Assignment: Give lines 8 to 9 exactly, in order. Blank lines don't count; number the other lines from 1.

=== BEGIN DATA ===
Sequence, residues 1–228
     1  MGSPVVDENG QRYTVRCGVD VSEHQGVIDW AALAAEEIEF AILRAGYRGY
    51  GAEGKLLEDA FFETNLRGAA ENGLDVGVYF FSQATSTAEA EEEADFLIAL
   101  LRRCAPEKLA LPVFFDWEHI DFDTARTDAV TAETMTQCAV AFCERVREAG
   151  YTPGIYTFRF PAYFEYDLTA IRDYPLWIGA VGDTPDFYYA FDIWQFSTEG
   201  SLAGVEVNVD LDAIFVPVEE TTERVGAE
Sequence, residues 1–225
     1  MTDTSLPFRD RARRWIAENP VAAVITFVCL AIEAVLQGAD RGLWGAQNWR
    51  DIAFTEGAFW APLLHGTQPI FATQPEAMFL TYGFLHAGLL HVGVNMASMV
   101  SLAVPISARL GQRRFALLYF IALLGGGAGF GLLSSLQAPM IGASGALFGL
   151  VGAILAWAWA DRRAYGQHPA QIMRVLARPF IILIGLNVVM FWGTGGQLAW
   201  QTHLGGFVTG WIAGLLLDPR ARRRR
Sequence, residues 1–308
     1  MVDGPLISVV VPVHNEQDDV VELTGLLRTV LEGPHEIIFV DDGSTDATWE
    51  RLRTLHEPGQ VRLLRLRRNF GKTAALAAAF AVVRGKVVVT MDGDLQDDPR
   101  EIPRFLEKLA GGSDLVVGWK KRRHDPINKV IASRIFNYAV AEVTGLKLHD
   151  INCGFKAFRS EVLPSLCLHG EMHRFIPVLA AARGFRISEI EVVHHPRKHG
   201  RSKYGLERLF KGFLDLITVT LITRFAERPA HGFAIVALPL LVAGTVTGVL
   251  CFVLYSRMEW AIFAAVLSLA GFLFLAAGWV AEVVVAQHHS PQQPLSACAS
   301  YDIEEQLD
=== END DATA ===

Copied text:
     1  MTDTSLPFRD RARRWIAENP VAAVITFVCL AIEAVLQGAD RGLWGAQNWR
    51  DIAFTEGAFW APLLHGTQPI FATQPEAMFL TYGFLHAGLL HVGVNMASMV